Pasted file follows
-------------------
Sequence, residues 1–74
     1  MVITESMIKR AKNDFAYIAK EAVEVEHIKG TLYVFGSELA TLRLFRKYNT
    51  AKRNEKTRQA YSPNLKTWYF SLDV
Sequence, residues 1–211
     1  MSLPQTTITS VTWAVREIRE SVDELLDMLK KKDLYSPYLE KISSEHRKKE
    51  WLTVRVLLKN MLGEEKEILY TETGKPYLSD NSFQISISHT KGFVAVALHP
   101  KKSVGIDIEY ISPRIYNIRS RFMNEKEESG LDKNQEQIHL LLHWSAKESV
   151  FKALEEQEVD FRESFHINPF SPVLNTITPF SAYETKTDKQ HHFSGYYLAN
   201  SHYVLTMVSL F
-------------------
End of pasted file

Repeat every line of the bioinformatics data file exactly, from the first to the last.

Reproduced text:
Sequence, residues 1–74
     1  MVITESMIKR AKNDFAYIAK EAVEVEHIKG TLYVFGSELA TLRLFRKYNT
    51  AKRNEKTRQA YSPNLKTWYF SLDV
Sequence, residues 1–211
     1  MSLPQTTITS VTWAVREIRE SVDELLDMLK KKDLYSPYLE KISSEHRKKE
    51  WLTVRVLLKN MLGEEKEILY TETGKPYLSD NSFQISISHT KGFVAVALHP
   101  KKSVGIDIEY ISPRIYNIRS RFMNEKEESG LDKNQEQIHL LLHWSAKESV
   151  FKALEEQEVD FRESFHINPF SPVLNTITPF SAYETKTDKQ HHFSGYYLAN
   201  SHYVLTMVSL F